And tears of sweet affection shed?
My Mother.

When pain and sickness made me cry,
Who gazed upon my heavy eye,
And wept for fear that I should die?
My Mother.

Who taught my infant lips to pray,
And love God’s holy book and day,
And walk in wisdom’s pleasant way?
My Mother

And can I ever cease to be
Affectionate and kind to thee,
Who wast so very kind to me,
My mother.

Ah, no! The thought I cannot bear,
And if God please my life to spare
I hope I shall reward they care,
My Mother.

When thou art feeble, old and grey,
My healthy arm shall be thy stay,
And I will soothe thy pains away,
My Mother.
—Ann Taylor, “My Mother”

 

Sometimes I know the words to say to give thanks for all you’ve done,
but then they fly up and away as quickly as they come.

How could I possibly thank you enough, the one who makes me whole,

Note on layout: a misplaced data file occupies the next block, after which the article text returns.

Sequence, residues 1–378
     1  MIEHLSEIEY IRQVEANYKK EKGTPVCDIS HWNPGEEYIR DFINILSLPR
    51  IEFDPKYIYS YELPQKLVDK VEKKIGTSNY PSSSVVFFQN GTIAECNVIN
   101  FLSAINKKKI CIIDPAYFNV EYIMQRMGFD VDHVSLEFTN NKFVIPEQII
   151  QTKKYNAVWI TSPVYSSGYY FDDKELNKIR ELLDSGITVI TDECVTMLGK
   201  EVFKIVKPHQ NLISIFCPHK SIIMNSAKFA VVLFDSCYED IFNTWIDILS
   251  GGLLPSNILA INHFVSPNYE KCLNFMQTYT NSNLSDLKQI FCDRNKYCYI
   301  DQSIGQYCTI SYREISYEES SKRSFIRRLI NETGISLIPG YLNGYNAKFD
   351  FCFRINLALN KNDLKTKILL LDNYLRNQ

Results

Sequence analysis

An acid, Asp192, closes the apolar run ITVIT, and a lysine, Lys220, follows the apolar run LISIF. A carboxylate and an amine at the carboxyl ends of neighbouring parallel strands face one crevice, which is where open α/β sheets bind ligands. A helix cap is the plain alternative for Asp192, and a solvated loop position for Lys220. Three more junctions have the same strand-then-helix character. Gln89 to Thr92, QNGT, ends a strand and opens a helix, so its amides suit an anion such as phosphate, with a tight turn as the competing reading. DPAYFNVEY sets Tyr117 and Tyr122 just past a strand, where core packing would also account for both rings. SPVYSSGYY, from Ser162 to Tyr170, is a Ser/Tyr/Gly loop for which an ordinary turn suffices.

the one to whom I owe my life, the forming of my soul.

The one who tucked me in at night, the one who stopped my crying,
the one who was the expert at picking up when I was lying.

The one who saw me off to school and spent sad days alone,
yet magically produced a smile as soon as I came home.

The one who makes such sacrifices to always put me first,
who lets me test my broken wings, in spite of how it hurts.

Who paints the world a rainbow when it’s filled with broken dreams,
who explains it all so clearly when nothing is what it seems.

Are there really any words for this? I find this question tough.
Anything I want to say just doesn’t seem enough.

What way is there to thank you for your heart, your sweat, your tears,
for ten thousand things you’ve done for oh so many years.

For changing with me as I changed, accepting all my flaws,
not loving ’cause you had to, but loving just because.

For never giving up on me when your wits had reached its end,
for always being proud of me, for being my best friend.

And so I come to realize, the only way to say,
the only thank you that’s enough is clear in just one way.

Look at me before you see what I’ve become.